How tech moves forward in the wake of COVID-19
For years, tech has been one of Colorado’s strongest and fastest-growing industries. Across the Front Range, the number of employees in tech jobs jumped 57% over the last decade, from 88,000 in 2010 to 139,000 in 2019. Earlier this year, metro Denver advanced to No. 7 on our company’s Tech Talent Scorecard, which ranks the top markets in North America for their ability to attract and grow tech talent.
While no industry has been spared from the impacts of COVID-19, tech has proved to be among the most resilient. It is the tech industry that powers the virtual resources we all rely upon to work remotely. The pandemic also has accelerated other trends already in place that depend on technology, including the adoption of e-commerce, grocery delivery, telehealth and streaming services.
Tech is poised to emerge from this pandemic stronger than ever. And the communities that can rally in this challenging moment to attract growing tech firms to their market will cement their place within the next crop of global tech leaders.
What tech talent does Colorado have? According to our research, technology companies have expanded their real estate footprint by 23% along the Front Range over the past two years, from 17.4 million square feet in 2018 to 21.4 million sf in 2020. Within metro Denver, downtown Denver has the largest tech footprint (3.5 million sf), followed by the northwest submarket (3 million sf), Boulder (2.5 million sf) and the southeast submarket (2.4 million sf).
The tech-talent labor pool in metro Denver is the 12th largest nationally and the fifth-fastest growing. Tech jobs amount to 6.7% of the overall metro Denver workforce – compared to the national average of 3.7%.
Because Colorado not only can supply great talent, but also support the much desired live-work-play lifestyle, metro Denver also has a young pool of tech workers. It is the fourth-most concentrated millennial market, with 30.1% of its population aged 22 to 36.
How can Colorado tech thrive in the wake of coronavirus? COVID-19 provided an economic shock that is nearly unprecedented in its immediacy. Remote work already was being entertained by office users prepandemic, with tech firms often at the head of the pack, but COVID-19 forced an overnight, near universal adoption.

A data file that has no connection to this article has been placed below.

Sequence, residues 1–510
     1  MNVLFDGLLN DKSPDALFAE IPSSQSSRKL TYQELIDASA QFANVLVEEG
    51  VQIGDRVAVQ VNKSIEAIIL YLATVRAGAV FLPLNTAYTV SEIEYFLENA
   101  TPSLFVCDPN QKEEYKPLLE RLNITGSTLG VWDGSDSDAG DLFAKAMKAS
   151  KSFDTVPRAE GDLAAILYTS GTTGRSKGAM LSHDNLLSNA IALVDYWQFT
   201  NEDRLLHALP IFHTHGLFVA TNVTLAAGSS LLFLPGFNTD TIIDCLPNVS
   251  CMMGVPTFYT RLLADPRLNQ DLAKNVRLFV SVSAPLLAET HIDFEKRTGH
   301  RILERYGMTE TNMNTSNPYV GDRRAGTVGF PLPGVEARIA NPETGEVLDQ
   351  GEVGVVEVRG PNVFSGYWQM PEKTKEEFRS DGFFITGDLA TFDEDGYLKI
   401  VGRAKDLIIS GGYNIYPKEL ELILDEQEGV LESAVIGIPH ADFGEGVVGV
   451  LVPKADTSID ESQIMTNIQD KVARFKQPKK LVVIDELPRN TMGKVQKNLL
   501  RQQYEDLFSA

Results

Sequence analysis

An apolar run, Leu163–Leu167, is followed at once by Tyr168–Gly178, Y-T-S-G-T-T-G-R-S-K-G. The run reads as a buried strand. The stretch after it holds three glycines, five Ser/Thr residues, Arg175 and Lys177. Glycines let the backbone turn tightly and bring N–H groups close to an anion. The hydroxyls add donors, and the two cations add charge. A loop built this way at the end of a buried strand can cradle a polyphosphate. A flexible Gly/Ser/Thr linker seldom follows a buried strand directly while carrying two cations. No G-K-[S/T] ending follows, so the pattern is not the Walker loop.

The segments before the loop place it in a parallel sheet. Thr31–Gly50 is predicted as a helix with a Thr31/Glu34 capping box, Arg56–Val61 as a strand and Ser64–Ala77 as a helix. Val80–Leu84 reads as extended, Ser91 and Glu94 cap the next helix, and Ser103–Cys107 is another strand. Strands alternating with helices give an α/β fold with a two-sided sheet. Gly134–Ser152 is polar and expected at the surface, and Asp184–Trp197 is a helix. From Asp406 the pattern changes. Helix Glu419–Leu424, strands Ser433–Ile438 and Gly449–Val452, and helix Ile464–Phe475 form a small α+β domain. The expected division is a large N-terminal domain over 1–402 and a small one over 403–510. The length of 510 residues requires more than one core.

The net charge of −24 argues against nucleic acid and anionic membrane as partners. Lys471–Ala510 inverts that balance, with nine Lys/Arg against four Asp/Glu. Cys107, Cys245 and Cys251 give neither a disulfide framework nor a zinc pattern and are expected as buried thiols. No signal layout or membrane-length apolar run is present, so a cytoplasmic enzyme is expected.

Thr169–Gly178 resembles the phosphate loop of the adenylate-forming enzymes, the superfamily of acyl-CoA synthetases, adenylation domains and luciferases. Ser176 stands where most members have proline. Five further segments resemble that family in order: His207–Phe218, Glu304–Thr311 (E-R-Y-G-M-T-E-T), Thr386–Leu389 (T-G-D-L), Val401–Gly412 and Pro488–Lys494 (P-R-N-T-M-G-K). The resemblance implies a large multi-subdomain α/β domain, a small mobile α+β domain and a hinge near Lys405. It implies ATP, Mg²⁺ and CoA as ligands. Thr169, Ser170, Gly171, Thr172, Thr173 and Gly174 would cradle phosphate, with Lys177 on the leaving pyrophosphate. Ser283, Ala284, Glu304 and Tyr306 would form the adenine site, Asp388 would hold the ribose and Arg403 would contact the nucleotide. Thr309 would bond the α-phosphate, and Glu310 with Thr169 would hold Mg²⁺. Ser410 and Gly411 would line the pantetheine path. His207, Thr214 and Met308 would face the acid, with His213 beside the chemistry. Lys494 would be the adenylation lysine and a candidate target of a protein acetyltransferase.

In the span of a few months, we already have seen the pandemic triggering major shifts in office strategy. Some companies have announced broad expansion of their remote work policies while also committing to large new office leases. One of the world’s largest tech firms recently announced the opening of six new offices across the country, including an increased presence in metro Denver. The dominant message of late has been that the forced adoption of remote work during an extremely challenging time was successful, but, particularly within tech, there still is very much a need to bring people together to collaborate and innovate.
Emerging from the pandemic, we expect to see a fundamental redistribution of tech talent – spreading the wealth outside Silicon Valley to a cluster of cities with rising tech talent. Long-term office closures have triggered many tech employees to relocate out of expensive, coastal urban cores into more affordable communities with superior quality of life and a growing talent pool. Colorado, with its established tech ecosystem, coveted recreational outlets and relative affordability, is a prime target for this sought-after tech workforce.
Metro Denver already has been a beneficiary of tech’s secondary and satellite offices in recent years, but the COVID-19 pandemic will accelerate the tech industry’s growth outside of Silicon Valley. Instead of choosing one or two cities for large headquarters offices, we may now see tech firms break into four or five offices across the country, choosing to have a presence across several top tech talent markets to stay competitive instead of being constrained to one market’s success. At the same time, we can expect to see Colorado chosen as a headquarters destination, housing companies’ top leaders, which will only further our state’s ambitions.
This next year is a huge opportunity for Colorado. With so much changing, we need to build on our momentum, attract as much tech talent as we can and further establish our city as one of the top tech markets in the country. If we do this right, Colorado – much like the tech industry at large – will emerge from this situation stronger and more innovative than ever.
Featured in CREJ’s September 2020 Office Properties Quarterly